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Flashcards in Goldberg Deck (29):
1

What is the consequence of deficiencies in lysosomal enzyme lipid degradation?

- accumulation of harmful quantities of gangliosides
- nerve cell death.

2

What is the function of actin in the cytoskeleton?

- cell shape and organisation
- cell movement
- mutations in actin = cardiomyopathy

3

What are microtubules important for in the cytoskeleton?

- Mitotic spindle
- target for anti-cancer drugs
- intra-cellular movements: vesicles, organells
- driven by motor proteins

4

What is the function of intermediate filaments in the cytoskeleton?

- Strucutral proteins
Defects > skin blistering

5

What does a convex Lens do?

- converges parallel beams to the focal point

6

What does a concave lens do?

- diverges parallel light.
- focal pint is the point they would have converged to.

7

What is the effect is decreasing the focal length?

- increases the magnification.

8

What is the magnification strength of long focal length compared to short?

- long = less magnifying

9

If the object is closer to the focal point what happens?

- single lens produces an enlarged virtual image

10

What are the 2 components of a microscope?

1. An objective lends to produce a magnified real image
2. An eyepiece to produce a magnified virtual image of the real image (that you see with your eye).

11

What are phase contrast microscopes useful for?

- can amplify refractive index differences in cell components- excellent for live cells.

12

What is fluorescence microscopy used for?

- diff parts in cell can be specifically stained
- or using antibodies, usually to individual proteins attached to fluorescent molecules.

13

How do fluorescence microscopes work?

- specimen is illuminated with light of a specific wavelength (e.g. Green) whcih excites flurophore.
- this then emits light of another wave elgnth (e.g. Red)
- image is magnesia iced and focused on retina or detector.
- the chromatic beam splitter reflects and transmits light of different wavelengths differently.

14

What is the purpose on confocal microscopy?

Pinhole prevents out-of-focus light reaching the detector.

15

What is the difference in information given by TEM and SEM microscopes?

- TEM = 2D projection of image of a thin specimen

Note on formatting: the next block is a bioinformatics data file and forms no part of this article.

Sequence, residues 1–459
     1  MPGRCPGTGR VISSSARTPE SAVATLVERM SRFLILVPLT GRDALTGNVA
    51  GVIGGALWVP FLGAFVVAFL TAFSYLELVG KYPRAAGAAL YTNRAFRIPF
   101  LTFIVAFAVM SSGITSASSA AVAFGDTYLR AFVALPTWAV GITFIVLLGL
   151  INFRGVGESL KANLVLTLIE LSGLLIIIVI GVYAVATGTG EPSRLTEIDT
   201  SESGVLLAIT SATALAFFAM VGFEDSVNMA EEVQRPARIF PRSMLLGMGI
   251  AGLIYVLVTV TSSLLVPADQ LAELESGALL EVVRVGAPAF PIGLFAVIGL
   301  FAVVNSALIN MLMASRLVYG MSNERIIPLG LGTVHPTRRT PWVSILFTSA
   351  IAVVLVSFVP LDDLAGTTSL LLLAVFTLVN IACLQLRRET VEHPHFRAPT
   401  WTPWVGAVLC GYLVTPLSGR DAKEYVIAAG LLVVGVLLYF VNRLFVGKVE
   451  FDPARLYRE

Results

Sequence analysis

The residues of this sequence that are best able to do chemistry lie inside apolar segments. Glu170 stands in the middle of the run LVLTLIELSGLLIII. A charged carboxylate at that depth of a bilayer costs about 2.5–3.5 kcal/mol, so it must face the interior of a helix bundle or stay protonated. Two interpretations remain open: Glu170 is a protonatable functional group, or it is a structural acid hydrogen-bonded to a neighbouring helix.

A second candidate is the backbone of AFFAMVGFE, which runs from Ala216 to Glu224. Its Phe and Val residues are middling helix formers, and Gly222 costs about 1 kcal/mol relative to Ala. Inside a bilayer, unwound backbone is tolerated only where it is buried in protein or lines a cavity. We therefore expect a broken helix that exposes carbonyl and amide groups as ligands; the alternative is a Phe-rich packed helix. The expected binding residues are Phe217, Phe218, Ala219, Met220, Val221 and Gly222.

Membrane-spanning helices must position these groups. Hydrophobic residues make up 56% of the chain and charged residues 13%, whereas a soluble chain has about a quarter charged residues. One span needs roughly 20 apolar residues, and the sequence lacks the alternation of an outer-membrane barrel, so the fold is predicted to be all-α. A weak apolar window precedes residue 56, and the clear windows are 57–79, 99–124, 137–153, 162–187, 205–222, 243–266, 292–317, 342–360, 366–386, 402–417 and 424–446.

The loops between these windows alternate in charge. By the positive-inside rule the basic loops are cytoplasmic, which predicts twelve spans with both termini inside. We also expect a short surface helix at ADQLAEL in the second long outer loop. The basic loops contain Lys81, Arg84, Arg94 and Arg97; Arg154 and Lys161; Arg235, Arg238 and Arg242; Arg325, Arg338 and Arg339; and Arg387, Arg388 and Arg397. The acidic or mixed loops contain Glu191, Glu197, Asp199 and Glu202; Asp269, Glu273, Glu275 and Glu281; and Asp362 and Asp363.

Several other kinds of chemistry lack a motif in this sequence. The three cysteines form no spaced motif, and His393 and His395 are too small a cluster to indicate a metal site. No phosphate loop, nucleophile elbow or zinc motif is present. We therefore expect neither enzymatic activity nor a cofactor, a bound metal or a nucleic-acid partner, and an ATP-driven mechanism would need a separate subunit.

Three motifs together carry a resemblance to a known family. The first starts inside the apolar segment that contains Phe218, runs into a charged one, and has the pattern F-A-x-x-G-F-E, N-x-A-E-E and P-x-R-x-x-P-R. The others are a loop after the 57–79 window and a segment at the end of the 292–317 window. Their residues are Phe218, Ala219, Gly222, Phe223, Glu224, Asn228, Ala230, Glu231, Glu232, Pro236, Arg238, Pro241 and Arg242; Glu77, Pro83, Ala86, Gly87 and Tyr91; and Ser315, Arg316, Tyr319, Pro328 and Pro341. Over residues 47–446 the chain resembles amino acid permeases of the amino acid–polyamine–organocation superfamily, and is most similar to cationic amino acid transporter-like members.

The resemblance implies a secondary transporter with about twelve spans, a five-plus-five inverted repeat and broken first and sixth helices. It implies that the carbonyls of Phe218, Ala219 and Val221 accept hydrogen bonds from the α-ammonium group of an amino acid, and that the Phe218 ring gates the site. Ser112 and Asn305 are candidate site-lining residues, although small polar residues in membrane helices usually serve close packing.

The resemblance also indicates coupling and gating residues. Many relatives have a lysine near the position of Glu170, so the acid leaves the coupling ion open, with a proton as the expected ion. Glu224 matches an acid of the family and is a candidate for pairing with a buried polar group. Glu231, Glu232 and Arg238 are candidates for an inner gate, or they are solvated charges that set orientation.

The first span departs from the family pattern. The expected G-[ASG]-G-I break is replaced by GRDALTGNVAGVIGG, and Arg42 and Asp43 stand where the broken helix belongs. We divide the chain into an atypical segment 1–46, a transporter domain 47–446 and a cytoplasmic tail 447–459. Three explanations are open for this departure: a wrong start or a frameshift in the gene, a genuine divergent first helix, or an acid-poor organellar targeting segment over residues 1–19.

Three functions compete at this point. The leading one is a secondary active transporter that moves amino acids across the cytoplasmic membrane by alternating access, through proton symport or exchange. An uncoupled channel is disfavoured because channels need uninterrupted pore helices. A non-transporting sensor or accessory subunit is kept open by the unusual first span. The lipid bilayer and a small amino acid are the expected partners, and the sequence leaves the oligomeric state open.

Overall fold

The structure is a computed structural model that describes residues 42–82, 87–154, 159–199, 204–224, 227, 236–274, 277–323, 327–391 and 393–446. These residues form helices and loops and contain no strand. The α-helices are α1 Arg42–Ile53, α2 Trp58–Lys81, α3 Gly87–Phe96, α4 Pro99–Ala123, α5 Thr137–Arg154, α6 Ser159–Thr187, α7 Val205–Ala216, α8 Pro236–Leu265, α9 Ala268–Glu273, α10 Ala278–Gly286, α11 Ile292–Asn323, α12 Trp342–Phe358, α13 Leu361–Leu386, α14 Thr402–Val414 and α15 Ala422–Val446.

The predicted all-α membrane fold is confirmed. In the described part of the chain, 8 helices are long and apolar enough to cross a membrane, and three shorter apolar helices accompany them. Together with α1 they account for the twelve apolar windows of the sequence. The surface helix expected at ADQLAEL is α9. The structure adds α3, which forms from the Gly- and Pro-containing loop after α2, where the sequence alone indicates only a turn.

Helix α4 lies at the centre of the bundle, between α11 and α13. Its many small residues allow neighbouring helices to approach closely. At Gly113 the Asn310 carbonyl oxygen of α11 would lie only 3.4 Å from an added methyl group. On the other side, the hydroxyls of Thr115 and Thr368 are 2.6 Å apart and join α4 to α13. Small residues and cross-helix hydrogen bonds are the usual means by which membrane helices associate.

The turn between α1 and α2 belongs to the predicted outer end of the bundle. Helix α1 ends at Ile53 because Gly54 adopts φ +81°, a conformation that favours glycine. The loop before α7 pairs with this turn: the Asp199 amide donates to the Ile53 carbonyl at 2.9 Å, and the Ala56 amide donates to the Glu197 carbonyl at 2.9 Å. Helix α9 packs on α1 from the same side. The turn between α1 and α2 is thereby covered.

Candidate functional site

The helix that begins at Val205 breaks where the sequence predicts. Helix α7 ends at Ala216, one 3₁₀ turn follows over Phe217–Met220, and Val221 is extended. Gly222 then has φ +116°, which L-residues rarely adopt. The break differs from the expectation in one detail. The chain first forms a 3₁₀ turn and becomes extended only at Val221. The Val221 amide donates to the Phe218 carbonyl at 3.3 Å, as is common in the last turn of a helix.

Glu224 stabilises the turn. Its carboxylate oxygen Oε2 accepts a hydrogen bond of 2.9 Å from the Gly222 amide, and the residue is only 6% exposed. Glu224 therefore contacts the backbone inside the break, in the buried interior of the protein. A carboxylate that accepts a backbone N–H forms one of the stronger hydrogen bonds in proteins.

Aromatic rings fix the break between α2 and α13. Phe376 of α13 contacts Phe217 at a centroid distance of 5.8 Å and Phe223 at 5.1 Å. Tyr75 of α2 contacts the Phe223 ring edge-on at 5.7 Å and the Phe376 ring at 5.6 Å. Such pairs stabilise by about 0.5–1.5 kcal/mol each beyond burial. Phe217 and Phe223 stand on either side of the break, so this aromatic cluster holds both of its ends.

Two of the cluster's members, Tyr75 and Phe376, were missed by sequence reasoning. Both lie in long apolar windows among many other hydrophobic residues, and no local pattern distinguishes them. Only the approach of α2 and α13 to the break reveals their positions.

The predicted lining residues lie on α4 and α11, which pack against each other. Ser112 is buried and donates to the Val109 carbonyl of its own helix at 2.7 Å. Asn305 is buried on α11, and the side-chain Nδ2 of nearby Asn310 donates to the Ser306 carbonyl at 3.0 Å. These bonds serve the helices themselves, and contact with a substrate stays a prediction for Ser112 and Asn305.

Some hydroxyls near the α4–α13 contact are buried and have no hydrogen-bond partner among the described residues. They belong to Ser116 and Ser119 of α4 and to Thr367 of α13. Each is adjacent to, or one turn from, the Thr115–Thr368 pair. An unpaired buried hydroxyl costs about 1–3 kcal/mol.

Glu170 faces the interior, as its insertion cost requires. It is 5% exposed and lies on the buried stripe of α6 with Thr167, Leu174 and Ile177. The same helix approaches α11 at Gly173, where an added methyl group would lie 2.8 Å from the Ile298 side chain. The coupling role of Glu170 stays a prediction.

- SEM = unlimited thickness of specimen

16

What are the 4 stages of SEM?

1. Primary beam is focused to a fine point
2. Beam scanned across sample surface
3. Secondary electrons emitted from specimen as the beam passes over it.
4. Secondary e- are collected by detector and picture is build up.

17

Explain the permeability of membranes.

Dynamic lipid and protein content of membrane.
gases = permeable
Small uncharged polar molecules = permeable/slightly permeable.

18

What is the importance of membrane compartments?

1. For cell function
2. In disease and disorders
> contains and organise genome- nuclear membranes
> localise and facilitate ATP synthesis
> general degradation of unwanted components.

19

What is a phosphoglyceride?

- the most common phospholipids.
Head = alcohol; phosphate; glycerol
Tail = hydrocarbon chains

20

Where do phospholipid orientate to hide tails from water?

- at the interface between oil and water.
- if forced into an aq enviroments it is energertaiclly favourable to form spherical vesicles

21

What happens to hydrophobic molecules in water?

- they do not interact with water they therefore prevent water-water interactions. And this imposes order on the water molecules.

22

What is the effect of place a hydrophobic molecules in water?

- decreases entropy. As it is theromodynamically unfavourable to increase order.

23

What is the effect of aggregation?

- decreases order and increases entropy - favourable
> water forms 'ice like' cages around hydrophobic molecules
> aggregation reduces hydrophobic molecules
> therefore reduces order in the water > less water in cage
> therefore increases entropy.

24

Why do water molecules form cages around hydrophobic molecules?

- reduced H-bonding increases bond strength
- there are less H-bonds available to each water molecule
- the fore they are stronger and hence more stable
- surface area of 2 separate hydrophobic molecules is greater than two aggregated ones.
>> aggregation releases water molecules and increases entropy.

25

How can lateral diffusion be demonstrated and measured?

- By fluorescence recover after photobleaching (FRAP)

26

What are sphingolipids?

- bases on sphingosine
- long chain amino alcohol
- equivalent to glycerol and one fatty acid tail of phospholipid
- second hydrocarbon tail added by amide bond.
- Phosphate + alcohol head group added to C1.
- they have a similar sharpe to glycerophospholipid
- usually saturated
- usually have one unsaturated fatty did chain
- therefore sphingolipids pack closer together and have stronger van dear walls

27

What is the structure of cholesterol?

- Amphipathic
- Small head group (OH)
- does not form bilateral on its own (too hydrophobic)
- but can insert into membrane
- riding 4 ring structure
- cholesterol interacts mainly with fatty acid tail of phospholipids.
- they stiffen the fatty acid tails and thicken membrane
- introduces order in tail region
But maintains fluidity

28

Why does cholesterol prefer to interact with sphingolipids?

- more stable interaction between stiff flat steroid of cholesterol and long unsaturated fatty acid tail of sphingolipids
- therefore cholesterol and sphingolipids partition from phospholipids.

29

What are microdomains?

- known as lipid rafts- concentrated thicker domains rich sphingomyelin and cholesterol
> rafts are thicker than the rest of membrane
-proteins with long transmembrane domains partition to rafts.
. short domains partition to phospholipid containing domains
- recruit proteins with lipid anchors